We put together a compilation of recent articles, on core values, that we find to be relevant to organizations, leadership, and team functioning.

These articles carry similar themes that we have found to be useful and we hope you’ll benefit from learning from them as well.

Crisis, Covid and Core Values

Overlapping crisis; health, economic, environmental, and social has been an unavoidable theme that everyone, to varying extents, has been experiencing this year. In many ways, crisis shows us who we really are and what is important to us, as individuals and as organizations.

We no longer can pretend, cloak, or hide behind just our words. In crisis mode, the article, “A Guide to Leading With Values“, states that “companies are forced to make difficult decisions [and] true priorities are shown” by their stated core values translating into action (or in-action). 

In other words, crisis reveals what is most important to our companies by what they actually put into action or do. 

In “Prioritizing Purpose in a Pandemic”, Emotional Intelligence expert, Daniel Goleman asks a similar question during this pandemic season, ‘what values are companies prioritizing?’

The values seen through our company actions is an important consideration, as it is easy to focus on the urgent and important in crisis such as surviving, where perhaps some other stated purposes or principles fall to the wayside.

According to a recent survey quoted in Goleman’s article, “75% of thriving employees say their company has a strong sense of purpose that resonates with their own core values. 

If thriving employees matters to company health, and employees are thriving at least in part because of shared personal and company values, it increases the stakes of how companies put into action what is important to them.

McKinsey & Company’s article suggests 10 actions for 2020 to line up our actions with our stated values, with one of those actions being “make[ing] purpose part of everything”.

Driving individuals to connect to their individual purpose is anchoring as we all face unprecedented changes and uncertainty.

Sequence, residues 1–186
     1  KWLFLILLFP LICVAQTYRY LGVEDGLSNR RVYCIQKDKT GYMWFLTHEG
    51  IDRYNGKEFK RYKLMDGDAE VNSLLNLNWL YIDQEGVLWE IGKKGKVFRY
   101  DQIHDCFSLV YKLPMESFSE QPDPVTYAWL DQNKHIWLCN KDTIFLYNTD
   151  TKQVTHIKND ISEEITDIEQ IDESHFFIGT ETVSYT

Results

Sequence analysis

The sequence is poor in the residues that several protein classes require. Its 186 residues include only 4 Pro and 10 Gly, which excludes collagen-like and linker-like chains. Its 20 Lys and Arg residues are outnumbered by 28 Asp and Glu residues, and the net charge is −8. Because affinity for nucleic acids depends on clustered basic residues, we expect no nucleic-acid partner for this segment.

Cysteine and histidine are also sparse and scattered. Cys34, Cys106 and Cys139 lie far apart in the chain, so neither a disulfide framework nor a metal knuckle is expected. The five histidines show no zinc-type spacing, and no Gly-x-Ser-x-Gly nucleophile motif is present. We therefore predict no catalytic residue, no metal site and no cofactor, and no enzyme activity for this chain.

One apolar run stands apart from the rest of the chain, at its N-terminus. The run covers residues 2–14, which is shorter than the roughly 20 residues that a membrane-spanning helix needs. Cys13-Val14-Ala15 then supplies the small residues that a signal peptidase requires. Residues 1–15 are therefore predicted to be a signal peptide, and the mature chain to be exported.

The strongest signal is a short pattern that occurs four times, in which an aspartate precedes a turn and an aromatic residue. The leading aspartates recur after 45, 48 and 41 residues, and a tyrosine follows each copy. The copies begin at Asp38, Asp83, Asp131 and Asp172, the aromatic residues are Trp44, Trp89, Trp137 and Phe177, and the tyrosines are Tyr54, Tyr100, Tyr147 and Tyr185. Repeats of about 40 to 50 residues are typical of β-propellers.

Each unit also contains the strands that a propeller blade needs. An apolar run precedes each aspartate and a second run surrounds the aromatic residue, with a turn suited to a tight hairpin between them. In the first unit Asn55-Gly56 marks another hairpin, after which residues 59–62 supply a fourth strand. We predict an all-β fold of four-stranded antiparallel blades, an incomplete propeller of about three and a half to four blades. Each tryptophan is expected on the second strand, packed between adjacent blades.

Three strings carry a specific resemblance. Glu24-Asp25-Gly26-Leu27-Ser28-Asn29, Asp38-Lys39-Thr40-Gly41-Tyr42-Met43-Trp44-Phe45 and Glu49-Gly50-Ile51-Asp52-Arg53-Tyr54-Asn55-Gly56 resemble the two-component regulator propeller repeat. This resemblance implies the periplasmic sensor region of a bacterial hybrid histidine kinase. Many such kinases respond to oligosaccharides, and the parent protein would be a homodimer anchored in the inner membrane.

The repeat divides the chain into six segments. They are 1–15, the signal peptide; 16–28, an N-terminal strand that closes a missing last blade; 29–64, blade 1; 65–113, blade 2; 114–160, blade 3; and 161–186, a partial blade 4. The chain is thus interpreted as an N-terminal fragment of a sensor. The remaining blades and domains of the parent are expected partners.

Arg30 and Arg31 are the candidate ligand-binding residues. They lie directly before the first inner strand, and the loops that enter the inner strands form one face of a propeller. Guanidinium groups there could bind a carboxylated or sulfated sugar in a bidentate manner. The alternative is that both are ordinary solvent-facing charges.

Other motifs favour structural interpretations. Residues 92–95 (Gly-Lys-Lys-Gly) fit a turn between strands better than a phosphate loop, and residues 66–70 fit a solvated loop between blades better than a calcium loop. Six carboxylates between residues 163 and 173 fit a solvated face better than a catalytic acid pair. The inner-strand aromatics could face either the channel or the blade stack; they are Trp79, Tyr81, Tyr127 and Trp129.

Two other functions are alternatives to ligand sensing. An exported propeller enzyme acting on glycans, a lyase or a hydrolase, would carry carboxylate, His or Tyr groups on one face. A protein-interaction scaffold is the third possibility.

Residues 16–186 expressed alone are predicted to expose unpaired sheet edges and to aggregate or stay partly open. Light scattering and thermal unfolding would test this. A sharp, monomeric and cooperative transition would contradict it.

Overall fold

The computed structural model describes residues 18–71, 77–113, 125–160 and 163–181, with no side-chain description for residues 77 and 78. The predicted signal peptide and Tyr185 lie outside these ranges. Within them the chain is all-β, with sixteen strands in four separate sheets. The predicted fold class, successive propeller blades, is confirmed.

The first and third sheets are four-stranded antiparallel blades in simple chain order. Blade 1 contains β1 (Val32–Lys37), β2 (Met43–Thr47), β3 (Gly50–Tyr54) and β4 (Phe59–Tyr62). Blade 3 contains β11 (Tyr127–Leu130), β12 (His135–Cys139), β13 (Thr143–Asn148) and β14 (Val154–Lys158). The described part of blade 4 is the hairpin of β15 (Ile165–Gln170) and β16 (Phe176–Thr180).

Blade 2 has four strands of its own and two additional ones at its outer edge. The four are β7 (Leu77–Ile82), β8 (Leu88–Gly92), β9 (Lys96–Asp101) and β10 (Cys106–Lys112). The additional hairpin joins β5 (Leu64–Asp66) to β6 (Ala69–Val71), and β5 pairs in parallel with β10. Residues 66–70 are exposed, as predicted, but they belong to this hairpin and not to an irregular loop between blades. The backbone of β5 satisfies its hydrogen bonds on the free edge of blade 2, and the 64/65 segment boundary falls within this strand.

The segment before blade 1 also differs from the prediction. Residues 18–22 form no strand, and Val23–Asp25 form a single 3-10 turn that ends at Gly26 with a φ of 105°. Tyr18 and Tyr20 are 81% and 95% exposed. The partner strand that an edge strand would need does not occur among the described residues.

You may be tempted to think that individual “life purpose” has nothing to do with corporate survival or thriving employees, but individual purpose (which sits on the foundation of our values) is a “guidepost” that helps people to navigate with resilience and higher levels of recovery. 

Values, Engaged and Thriving Employees

Engaged and thriving employees produce better outcomes and report lower risks to the company according this recent Gallup poll.

If most thriving employees are engaged at least partly because of shared personal and company core values, this means that companies cannot afford to ignore what their engaged employees most resonate with. 

If the focus remains just on survival as a company, what are the long-term impacts on our employees and their engagement?

Perhaps we can gain some insight on that question for our organizations by narrowing the focus down to the individuals within an organization. This article by Science Journalist Tara Haelle asks the question, “how do we adjust to an ever-changing situation where the ‘new normal’ is indefinite uncertainty?”

Survival mode, called “surge capacity” in the article, can only take us so far. Haelle gives some great insight and ideas to practice personally to build into our personal “resilience bank accounts”.

The same idea can also apply to our companies, as our companies are made up of the most important asset; people.

Our “surge capacity” or focus on survival only takes us so far before we run out of steam. Surge capacities need to be renewed and require a different type of coping in a crisis that is ongoing rather than acute. 

Our company values have been put to the fire this year. For example; a company stated before the pandemic that caring for the environment was important, they “can expect to continue to be held to task about how deeply they value the environment”, especially in crisis (Goleman article).

It is not easy to show this by actions if survival of our organization is at stake. Perhaps values will need new processes, but true priorities are shown under pressure. 

Other company actions have proven that they value employees by providing Covid19 bonuses, proactively supporting needs or assisting with elder or childcare.

The Prophet article states that something as simple as sincere acknowledgement can help employees feel respected and cared for during ongoing uncertainty.

Are our stated values seen by our actions in crisis?

Actions during crisis will either continue to build trust or diminish it. 

Our actions as leaders and as organizations are showing our employees what is important.

And since thriving employees align their core personal values with company values, it is important to consider that our actions right now during this unprecedented uncertainty have lasting impact on the levels of engagement, trust, and well-being of our employees.

If our employee engagement, trust levels, and well-being aren’t high, then the health of our organizations or at the very least our ability to thrive as an organization is also in jeopardy.